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Garden Time Linked to Better Health and Well-Being

A new study shows a link between spending time in a garden and enhanced health and mental well-being.

For the study, researchers at the University of Exeter and the Royal Horticultural Society charity in the UK analyzed data from nearly 8,000 people collected by Natural England between 2009 and 2016.

The researchers found that people who spend time in a garden are significantly more likely to report general good health, higher psychological well-being, and greater physical activity levels than those who do not spend time in a garden.

The study found the benefits of gardening to health and well-being were similar to the difference in health between people living in the wealthiest parts of the country, compared to the poorest, the researchers added.

The benefits applied whether people spent their time gardening or simply relaxing, according to the study’s findings.

People who regularly spend time in their garden were also more likely to visit nature elsewhere once a week, the researchers noted.

The study also found that people with access to a private garden had higher psychological well-being. The researchers also discovered that people who have an outdoor space, such as a yard, were more likely to meet physical activity guidelines.

There is growing evidence that living in a greener neighborhood can be good for health and well-being, but most research has focused on public green spaces, such as parks and playing fields, the researchers noted. The current research used data collected by Natural England’s Monitor of Engagement with the Natural Environment Survey, the world’s largest survey collecting data on people’s weekly contact with the natural world.

“A growing body of evidence points to the health and well-being benefits of access to green or coastal spaces,” said Dr. Sian de Bel, of the University of Exeter Medical School and lead author of the study. “Our study is one of the largest to date to look at the benefits of gardens and gardening specifically. Our findings suggest that whilst being able to access an outdoor space such as a garden or yard is important, using that space is what really leads to benefits for health and well-being.”

“Gardens are a crucial way for people to access and experience the natural environment,” added project lead Dr. Becca Lovell of the University of Exeter Medical School. “Our new evidence highlights that gardens may have a role as a public health resource and that we need to ensure that their benefit is available equally.”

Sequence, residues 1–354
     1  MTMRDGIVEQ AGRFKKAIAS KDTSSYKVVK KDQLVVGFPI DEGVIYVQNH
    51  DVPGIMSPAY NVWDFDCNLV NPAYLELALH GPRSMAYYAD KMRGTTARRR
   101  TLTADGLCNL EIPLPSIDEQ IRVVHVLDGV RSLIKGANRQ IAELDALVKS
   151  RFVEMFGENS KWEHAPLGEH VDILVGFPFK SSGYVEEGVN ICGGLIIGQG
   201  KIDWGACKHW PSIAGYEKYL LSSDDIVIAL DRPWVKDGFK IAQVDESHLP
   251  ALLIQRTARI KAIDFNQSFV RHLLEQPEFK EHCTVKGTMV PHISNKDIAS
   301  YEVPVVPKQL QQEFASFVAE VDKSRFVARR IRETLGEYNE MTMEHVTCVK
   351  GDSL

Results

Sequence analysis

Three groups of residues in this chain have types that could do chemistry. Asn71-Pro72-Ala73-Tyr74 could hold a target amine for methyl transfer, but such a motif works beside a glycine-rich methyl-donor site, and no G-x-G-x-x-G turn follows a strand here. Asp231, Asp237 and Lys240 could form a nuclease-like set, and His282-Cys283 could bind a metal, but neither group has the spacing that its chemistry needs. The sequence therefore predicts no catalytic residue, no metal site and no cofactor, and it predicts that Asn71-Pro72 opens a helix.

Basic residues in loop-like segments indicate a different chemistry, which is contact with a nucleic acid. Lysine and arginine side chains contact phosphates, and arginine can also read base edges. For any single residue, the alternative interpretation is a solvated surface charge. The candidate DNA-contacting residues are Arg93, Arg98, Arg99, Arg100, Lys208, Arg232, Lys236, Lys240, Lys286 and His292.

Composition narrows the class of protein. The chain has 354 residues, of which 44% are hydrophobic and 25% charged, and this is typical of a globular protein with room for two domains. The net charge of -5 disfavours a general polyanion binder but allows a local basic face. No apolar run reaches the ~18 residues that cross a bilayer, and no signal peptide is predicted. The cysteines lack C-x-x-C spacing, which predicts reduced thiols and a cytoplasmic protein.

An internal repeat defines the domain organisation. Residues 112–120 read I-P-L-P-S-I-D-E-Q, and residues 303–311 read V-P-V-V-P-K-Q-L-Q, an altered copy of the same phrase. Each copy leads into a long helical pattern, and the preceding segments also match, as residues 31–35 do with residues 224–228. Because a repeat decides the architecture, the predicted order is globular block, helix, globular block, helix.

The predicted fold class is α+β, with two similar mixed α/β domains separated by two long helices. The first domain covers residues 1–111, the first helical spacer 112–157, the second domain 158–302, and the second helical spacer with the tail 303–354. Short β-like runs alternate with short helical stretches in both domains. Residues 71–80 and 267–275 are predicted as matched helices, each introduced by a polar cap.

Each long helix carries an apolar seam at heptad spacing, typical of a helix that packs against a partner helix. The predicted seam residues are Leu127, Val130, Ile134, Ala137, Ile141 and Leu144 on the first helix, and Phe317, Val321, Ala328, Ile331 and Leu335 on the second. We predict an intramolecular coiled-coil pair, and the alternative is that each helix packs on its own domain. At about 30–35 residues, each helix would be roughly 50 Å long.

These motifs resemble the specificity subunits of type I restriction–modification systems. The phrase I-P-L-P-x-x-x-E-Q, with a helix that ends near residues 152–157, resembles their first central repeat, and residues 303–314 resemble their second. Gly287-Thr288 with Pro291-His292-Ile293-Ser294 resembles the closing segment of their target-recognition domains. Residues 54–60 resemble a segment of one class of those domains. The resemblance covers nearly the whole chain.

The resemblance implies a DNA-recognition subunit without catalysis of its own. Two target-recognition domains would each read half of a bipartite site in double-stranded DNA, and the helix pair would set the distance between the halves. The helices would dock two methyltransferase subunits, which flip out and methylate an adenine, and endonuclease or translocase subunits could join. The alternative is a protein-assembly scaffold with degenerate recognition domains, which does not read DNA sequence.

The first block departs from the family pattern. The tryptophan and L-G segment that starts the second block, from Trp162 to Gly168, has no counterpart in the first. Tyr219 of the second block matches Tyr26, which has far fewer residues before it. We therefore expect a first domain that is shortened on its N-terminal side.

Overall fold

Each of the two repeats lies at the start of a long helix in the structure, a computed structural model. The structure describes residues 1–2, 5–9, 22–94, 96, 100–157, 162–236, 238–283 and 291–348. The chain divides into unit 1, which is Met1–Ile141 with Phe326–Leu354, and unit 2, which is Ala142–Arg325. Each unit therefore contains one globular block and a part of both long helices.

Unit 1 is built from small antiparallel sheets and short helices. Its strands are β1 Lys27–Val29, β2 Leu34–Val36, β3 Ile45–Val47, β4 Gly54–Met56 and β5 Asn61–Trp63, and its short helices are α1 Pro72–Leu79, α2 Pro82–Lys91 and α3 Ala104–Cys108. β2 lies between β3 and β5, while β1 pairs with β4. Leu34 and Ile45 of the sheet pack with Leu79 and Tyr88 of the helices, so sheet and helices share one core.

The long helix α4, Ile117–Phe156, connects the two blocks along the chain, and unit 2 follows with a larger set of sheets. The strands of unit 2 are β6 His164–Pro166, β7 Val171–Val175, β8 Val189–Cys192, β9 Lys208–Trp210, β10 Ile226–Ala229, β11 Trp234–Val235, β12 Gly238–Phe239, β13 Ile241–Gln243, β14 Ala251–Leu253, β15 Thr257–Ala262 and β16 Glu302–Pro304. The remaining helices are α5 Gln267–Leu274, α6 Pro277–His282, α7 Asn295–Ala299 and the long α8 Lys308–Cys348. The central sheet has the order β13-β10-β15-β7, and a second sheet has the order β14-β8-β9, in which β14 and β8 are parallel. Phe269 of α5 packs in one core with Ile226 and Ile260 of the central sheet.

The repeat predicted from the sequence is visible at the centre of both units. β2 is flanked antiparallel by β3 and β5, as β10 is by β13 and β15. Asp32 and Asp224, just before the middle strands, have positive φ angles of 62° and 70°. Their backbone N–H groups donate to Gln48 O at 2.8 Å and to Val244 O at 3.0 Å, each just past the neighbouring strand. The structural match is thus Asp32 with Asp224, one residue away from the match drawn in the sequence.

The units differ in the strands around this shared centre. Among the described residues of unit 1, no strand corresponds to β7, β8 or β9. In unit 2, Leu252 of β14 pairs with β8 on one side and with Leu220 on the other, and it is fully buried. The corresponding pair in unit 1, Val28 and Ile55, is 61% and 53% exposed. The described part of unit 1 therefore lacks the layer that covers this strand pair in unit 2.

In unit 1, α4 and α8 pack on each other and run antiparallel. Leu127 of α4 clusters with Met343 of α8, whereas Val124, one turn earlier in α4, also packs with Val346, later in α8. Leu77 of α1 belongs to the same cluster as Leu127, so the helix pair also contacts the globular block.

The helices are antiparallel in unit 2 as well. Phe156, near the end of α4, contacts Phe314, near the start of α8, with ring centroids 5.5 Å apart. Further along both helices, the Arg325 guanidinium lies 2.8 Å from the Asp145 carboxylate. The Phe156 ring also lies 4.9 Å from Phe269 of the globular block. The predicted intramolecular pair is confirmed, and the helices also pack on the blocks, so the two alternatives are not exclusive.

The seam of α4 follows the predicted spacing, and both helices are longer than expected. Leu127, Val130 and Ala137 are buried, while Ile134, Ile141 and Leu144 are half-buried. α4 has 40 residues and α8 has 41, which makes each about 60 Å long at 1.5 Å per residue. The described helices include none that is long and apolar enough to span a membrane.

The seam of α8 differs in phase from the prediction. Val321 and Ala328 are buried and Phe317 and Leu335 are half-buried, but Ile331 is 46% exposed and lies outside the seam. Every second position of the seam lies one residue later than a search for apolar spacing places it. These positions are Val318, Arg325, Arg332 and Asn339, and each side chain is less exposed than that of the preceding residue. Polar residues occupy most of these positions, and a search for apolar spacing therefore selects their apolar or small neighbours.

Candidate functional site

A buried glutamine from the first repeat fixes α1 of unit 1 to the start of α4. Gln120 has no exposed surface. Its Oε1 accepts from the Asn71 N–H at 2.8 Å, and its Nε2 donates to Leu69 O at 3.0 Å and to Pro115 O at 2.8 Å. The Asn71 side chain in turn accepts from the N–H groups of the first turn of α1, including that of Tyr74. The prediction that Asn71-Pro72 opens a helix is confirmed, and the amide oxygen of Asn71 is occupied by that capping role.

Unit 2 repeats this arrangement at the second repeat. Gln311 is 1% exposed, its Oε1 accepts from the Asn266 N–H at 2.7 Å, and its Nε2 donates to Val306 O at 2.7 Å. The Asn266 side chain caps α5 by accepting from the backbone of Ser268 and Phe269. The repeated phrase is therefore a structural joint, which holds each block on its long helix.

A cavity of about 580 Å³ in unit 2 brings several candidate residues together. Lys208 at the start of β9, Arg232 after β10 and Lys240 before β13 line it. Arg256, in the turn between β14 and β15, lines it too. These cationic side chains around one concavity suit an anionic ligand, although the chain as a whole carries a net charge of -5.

“This work adds to the increasing body of scientific evidence on the health benefits of gardens and gardening,” said Professor Alistair Griffiths, director of science and collections at the Royal Horticultural Society and co-author on the paper. “As the current COVID crisis has demonstrated, there’s an urgent need to include the provision of private gardens in the planning process to better support the UK’s preventative health agenda and the wellbeing of our nation.”

“In these unprecedented times, the government’s priority continues to be making sure people stay at home to help protect the NHS and save lives,” said Marian Spain, Interim Chief Executive of Natural England. “The benefits of spending time around nature during this time, be that in our back gardens or in local green spaces as part of our daily exercise, cannot be underestimated — and this research shines a light on the impact this has on people’s health and well-being.”

The study was published in Elsevier’s Landscape and Urban Planning.

Source: University of Exeter

Garden Time Linked to Better Health and Well-Being

Janice Wood

Janice Wood is a long-time writer and editor who began working at a daily newspaper before graduating from college. She has worked at a variety of newspapers, magazines and websites, covering everything from aviation to finance to healthcare.

APA Reference
Wood, J. (2020). Garden Time Linked to Better Health and Well-Being. Psych Central. Retrieved on August 3, 2020, from
Scientifically Reviewed
Last updated: 14 May 2020 (Originally: 10 May 2020)
Last reviewed: By a member of our scientific advisory board on 14 May 2020
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